“His presence on campus sends a chilling message not only to students, staff and faculty at the University, but also to the young people who attend the University of Chicago Charter School and Laboratory School and to the primarily black neighbors who surround the university,” the letter reads in part.

“Specifically, when speakers who question the intellect and full humanity of people of color are invited to campus to ‘debate’ their worthiness as citizens and people, the message is clear that the University’s commitment to freedom of expression will come at the expense of those most vulnerable in our community. We, therefore, believe that having Bannon on campus stands in fundamental opposition to the diverse and inclusive community the University professes to want to build.”

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(Dawn Rhodes, Elvia Malagon, Kim Janssen)

One of the things that motivated my old friend Andrew Breitbart was his righteous indignation at being called a racist. That's a running theme in his book, "Righteous Indignation."

"Andrew Breitbart despised racism," his friend Ben Shapiro told me. "He took pride in rejecting racism and fighting it tooth and nail. He saw it as a form of bullying. Nothing devastated him more personally than being maligned as racist."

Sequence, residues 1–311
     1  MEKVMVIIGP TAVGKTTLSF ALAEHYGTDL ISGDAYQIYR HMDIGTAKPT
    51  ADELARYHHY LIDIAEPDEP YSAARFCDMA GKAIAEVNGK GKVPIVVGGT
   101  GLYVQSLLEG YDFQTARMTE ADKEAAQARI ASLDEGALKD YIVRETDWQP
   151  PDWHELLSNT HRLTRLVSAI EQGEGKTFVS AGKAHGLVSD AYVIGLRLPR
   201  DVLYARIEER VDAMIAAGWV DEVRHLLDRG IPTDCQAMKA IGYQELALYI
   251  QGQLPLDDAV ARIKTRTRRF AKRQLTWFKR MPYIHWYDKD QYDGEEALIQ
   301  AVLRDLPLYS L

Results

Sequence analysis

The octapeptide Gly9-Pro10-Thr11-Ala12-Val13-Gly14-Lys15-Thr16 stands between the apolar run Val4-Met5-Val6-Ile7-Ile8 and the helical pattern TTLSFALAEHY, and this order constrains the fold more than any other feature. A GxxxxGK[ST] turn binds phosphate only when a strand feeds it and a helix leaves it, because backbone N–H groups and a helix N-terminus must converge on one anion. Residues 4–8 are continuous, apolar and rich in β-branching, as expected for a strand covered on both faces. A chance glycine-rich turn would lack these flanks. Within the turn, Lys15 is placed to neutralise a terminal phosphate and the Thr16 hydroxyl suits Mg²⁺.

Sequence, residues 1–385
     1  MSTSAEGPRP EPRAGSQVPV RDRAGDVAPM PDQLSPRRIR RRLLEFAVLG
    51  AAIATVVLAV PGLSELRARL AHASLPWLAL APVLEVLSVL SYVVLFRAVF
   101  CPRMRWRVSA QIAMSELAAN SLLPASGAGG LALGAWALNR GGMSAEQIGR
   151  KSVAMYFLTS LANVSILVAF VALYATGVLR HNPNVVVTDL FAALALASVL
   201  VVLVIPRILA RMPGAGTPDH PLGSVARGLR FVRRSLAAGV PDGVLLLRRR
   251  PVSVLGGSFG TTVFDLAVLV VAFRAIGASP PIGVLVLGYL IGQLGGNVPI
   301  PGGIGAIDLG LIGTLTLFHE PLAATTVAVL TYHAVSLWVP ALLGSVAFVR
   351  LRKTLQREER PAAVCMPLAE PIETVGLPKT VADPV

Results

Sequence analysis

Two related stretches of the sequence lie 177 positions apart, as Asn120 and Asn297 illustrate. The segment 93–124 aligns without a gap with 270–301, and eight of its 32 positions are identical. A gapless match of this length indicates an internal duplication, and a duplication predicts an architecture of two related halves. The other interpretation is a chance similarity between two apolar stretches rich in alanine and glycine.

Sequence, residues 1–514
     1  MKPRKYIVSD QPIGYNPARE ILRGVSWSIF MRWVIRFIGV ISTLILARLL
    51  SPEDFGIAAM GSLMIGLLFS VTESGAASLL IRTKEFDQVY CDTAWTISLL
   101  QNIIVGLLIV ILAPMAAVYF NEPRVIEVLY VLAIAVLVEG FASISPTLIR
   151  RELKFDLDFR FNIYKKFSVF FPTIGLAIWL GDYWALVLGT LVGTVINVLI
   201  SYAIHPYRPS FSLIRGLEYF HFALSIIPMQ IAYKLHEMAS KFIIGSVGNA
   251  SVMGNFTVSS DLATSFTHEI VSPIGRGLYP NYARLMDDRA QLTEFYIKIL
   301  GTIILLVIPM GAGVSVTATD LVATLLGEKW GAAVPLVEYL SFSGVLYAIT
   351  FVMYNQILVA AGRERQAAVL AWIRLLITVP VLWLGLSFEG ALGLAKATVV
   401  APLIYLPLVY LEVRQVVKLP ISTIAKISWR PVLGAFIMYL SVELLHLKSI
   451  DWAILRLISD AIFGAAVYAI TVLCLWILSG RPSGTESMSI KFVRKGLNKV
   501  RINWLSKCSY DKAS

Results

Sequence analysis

He would also advise conservatives not to be deterred if their opponents on the left unfairly called them racists -- something he rightly believed happened all the time. Indeed, one of the things that got him out of bed in the morning was fighting the media/Democratic narrative that conservatives are all a bunch of racists.

In one famous episode, members of the Congressional Black Caucus walked through a crowd of tea party protesters seeking a provocation. Subsequently, they claimed the attendants screamed the N-word and other epithets at them. The press reported it all as fact. Andrew, noting the sea of cameras and iPhones at the event, offered a $100,000 reward to anyone who could provide proof of the CBC's claims. No one came forward.


That was the Andrew Breitbart I was proud to call my friend.

Last week, just after the sixth anniversary of Andrew's demise, the man who replaced him at Breitbart News, Steve Bannon, launched his blood-and-soil tour of Europe. The climax was a speech to the ultra-right French National Front in which he perverted Andrew's defiant message, preferring to embrace the caricatures Andrew dedicated himself to fighting.

"Let them call you racists," Mr. Bannon told the crowd. "Let them call you xenophobes. Let them call you nativists. Wear it as a badge of honor."